-In February, CSO launched a Repair Location Finder to expedite the repair process. This platform has been well received and future upgrades are planned. For the next step in the process, CSO is working with Parker Hannifin and the other aerospace divisions to provide an upgraded order status system that communicates with customers during the repair process. 

This past spring, CSO launched a warranty claims process where airlines can submit online claims for repairs. 

 

Top scores in customer service from the aerospace MRO market 

In July, the findings from the third annual Air Transport Aftermarket Customer Satisfaction Survey identified Parker Aerospace as receiving the top score in airline customer satisfaction among maintenance, repair, and overhaul (MRO) mechanical and electrical suppliers worldwide. The Satisfaction Survey is independently from Parker, conducted by Inside MRO, Air Transport World, and AeroDynamic Advisory

Of the original equipment manufacturers (OEMs) ranked, only seven logged strong satisfaction scores. On a scale of 0-10, with 10 being the highest, those OEMs are:

  • CFM (7.5)
  • Airbus (7.3)
  • Boeing (7.2)
  • GE Aviation (engines, 7.1)
  • Pratt & Whitney (APUs, 7.1) 
  • Parker Aerospace (7.0)
  • BAE Systems (7.0)

Continuous Improvement Earns Aerospace Top Scores for Customer Service - Survey Results - Parker Aerospace

The complete survey results and winners can be found in a recent webinar, Aviation Reset: Flight Path Forward, featuring MRO Top Performers: Strategies for Leading Customer Satisfaction. The panelists will discuss the increasing importance of customer engagement, how that is changing as airlines prioritize cost savings and efficiency, and maintaining excellent customer relations through mergers, acquisitions, and industry consolidation. Register here to view the webinar.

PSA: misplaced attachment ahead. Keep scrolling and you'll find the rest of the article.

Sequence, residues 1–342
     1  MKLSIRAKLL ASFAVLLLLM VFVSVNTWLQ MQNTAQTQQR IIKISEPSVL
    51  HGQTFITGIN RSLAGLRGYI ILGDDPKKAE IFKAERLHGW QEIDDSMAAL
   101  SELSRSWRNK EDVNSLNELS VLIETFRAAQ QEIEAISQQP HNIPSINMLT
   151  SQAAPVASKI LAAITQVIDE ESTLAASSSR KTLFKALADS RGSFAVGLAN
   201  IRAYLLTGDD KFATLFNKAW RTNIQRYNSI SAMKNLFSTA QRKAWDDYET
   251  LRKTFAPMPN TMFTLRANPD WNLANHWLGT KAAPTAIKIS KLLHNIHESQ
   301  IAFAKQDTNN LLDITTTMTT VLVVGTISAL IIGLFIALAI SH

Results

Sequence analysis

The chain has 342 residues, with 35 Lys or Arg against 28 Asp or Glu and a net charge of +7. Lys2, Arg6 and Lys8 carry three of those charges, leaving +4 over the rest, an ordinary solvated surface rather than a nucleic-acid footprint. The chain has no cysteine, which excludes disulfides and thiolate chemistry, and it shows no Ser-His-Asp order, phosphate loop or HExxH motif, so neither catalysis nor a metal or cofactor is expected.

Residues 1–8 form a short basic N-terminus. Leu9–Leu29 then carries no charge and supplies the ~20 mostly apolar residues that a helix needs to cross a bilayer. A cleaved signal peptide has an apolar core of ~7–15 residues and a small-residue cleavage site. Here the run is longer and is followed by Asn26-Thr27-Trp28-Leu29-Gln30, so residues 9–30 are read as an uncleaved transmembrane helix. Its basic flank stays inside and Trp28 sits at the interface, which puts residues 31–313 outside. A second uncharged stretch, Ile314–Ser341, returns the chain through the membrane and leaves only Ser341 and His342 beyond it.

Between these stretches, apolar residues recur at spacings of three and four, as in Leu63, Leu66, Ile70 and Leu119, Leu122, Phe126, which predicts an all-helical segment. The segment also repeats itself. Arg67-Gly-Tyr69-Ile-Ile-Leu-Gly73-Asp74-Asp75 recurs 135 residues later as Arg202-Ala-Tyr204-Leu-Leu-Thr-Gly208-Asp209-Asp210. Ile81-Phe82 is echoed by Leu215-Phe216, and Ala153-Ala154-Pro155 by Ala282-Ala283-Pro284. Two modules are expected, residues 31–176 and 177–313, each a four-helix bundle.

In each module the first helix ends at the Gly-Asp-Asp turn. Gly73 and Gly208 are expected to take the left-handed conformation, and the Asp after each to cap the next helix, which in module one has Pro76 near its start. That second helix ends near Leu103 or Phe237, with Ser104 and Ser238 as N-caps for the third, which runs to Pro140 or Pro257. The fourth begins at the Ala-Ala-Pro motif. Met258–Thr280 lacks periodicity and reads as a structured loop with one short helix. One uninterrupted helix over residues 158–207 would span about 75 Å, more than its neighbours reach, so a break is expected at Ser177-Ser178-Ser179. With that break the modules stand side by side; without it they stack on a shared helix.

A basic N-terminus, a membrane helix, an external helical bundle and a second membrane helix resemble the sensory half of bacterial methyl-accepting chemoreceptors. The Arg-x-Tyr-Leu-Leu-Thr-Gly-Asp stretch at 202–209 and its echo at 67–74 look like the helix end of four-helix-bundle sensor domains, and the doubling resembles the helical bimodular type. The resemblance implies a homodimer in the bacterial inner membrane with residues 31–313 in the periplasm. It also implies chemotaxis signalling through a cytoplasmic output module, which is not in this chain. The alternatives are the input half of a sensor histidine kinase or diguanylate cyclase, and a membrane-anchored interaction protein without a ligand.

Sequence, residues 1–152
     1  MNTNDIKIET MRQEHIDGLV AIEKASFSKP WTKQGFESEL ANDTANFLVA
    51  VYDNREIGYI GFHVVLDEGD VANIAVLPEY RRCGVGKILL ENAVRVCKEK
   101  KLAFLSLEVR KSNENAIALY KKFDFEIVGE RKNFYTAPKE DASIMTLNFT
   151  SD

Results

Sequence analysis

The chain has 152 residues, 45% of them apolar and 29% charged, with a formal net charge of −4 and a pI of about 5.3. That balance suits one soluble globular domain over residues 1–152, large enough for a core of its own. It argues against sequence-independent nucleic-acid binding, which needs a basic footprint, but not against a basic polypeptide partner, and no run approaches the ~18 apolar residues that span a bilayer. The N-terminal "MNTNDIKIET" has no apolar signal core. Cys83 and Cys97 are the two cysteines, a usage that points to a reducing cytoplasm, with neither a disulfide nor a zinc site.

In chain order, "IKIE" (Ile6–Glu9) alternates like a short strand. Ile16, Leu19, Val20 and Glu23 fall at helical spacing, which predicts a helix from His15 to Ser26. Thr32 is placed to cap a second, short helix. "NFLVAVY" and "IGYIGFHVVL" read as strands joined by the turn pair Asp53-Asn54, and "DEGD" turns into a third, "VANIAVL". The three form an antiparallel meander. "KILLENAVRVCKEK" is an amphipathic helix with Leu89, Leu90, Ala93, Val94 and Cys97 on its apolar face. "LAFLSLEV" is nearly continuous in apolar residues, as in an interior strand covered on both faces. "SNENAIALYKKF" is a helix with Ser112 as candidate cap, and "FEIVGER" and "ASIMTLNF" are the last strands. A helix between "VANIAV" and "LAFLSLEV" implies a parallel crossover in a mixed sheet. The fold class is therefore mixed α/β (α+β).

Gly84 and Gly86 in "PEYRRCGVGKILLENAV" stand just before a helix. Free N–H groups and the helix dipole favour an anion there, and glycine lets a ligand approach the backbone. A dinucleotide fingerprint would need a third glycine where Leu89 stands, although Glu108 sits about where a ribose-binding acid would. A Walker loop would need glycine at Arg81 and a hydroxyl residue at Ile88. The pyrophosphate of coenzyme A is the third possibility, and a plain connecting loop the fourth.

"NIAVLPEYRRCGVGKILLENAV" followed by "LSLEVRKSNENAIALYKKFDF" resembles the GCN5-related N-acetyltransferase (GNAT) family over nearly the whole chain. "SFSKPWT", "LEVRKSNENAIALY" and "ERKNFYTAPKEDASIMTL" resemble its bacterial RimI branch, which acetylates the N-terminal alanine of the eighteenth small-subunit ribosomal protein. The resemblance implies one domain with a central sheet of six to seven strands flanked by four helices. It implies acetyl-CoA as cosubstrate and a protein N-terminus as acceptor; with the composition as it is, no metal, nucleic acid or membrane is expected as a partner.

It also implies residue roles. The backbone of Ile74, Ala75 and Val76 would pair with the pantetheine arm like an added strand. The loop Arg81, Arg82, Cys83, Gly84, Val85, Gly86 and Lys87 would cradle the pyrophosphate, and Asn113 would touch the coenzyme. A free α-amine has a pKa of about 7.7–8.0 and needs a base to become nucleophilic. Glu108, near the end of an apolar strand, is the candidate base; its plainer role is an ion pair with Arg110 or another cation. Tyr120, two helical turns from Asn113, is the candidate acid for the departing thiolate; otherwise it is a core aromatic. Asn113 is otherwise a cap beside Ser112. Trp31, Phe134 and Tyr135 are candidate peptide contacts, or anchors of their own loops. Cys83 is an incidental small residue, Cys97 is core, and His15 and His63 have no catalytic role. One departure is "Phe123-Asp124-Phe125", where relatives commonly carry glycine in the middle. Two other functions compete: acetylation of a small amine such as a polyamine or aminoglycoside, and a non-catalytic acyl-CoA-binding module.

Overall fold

Survey insights

This survey was conducted from mid-February to mid-May, with 185 qualified responses, including 62 unique airlines from around the world. OEMs were ranked in the following categories: ease of doing business, product reliability, technical support, parts cost, parts availability, aircraft-on-ground (AOG) support, OEM repair cost, OEM service center performance, overall satisfaction, and likelihood of recommending them to a peer or colleague. 

Continuous Improvement Earns Aerospace Top Scores for Customer Service - CSO - Parker AerospaceParker Aerospace improved year-over-year scores in ease of doing business, technical support, OEM repair cost and OEM service center performance while also receiving the highest overall satisfaction score for mechanical/electrical suppliers in 2020. Most of the industry continues to show low net promoter scores (NPS) scores, like overall satisfaction, and Parker’s NPS score has remained high among peers.

 

“Parker Hannifin has been putting a premium on customer service in the last several years, which seems to resonate with its customer base. It has expanded its in-region support—including inventory pooling centers in the Middle East, Europe, and Asia as well as repair capabilities. It also opened 24/7 customer response centers in Irvine, Calif. and Singapore.”

— Lee Ann Shay, chief editor MRO, Aviation Week Network, July issue of Inside MRO


Continually improving customer experience

Continuous Improvement Earns Aerospace Top Scores for Customer Service - FSD repair - Parker AerospaceThe survey report also explains that Parker Hannifin Chairman and CEO Tom Williams established a net promoter score index called likelihood to recommend (LTR). 
 

“Customers are asked about their experience after every significant business transaction. Customers who have good experiences hold a greater appreciation for the overall value offered by Parker and actively promote our brand. They are more likely to have a strong interest in new product offerings and product improvements, and to consider broadening their business with Parker.” 

— Austin Major, group vice president for business development & customer support, Parker Aerospace

 

Parker’s leaders and business units are measured on the LTR scores, which Major says have steadily increased every year since the program’s inception. Parker Aerospace has a division dedicated to serving aftermarket customers, called Customer Support Operations (CSO), which represents all of the aerospace technologies across Parker’s Aerospace Group. Customers are surveyed with transactions that are manual and digital, plus an overall relationship survey, so that issues can be quickly identified and resolved.